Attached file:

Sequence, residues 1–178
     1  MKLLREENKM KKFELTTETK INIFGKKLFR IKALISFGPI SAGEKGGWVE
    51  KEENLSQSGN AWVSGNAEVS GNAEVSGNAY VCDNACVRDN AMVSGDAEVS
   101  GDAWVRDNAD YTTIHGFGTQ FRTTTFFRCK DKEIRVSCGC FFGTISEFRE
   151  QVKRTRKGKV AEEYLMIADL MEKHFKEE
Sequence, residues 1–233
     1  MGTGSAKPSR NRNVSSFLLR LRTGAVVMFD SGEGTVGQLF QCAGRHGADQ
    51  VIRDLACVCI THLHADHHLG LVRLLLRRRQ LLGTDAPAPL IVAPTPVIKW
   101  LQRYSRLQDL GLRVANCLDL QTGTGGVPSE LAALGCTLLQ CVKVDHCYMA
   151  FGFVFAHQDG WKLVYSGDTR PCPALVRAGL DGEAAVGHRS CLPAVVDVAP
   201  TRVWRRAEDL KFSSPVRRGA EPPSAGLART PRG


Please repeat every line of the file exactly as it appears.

Sequence, residues 1–178
     1  MKLLREENKM KKFELTTETK INIFGKKLFR IKALISFGPI SAGEKGGWVE
    51  KEENLSQSGN AWVSGNAEVS GNAEVSGNAY VCDNACVRDN AMVSGDAEVS
   101  GDAWVRDNAD YTTIHGFGTQ FRTTTFFRCK DKEIRVSCGC FFGTISEFRE
   151  QVKRTRKGKV AEEYLMIADL MEKHFKEE
Sequence, residues 1–233
     1  MGTGSAKPSR NRNVSSFLLR LRTGAVVMFD SGEGTVGQLF QCAGRHGADQ
    51  VIRDLACVCI THLHADHHLG LVRLLLRRRQ LLGTDAPAPL IVAPTPVIKW
   101  LQRYSRLQDL GLRVANCLDL QTGTGGVPSE LAALGCTLLQ CVKVDHCYMA
   151  FGFVFAHQDG WKLVYSGDTR PCPALVRAGL DGEAAVGHRS CLPAVVDVAP
   201  TRVWRRAEDL KFSSPVRRGA EPPSAGLART PRG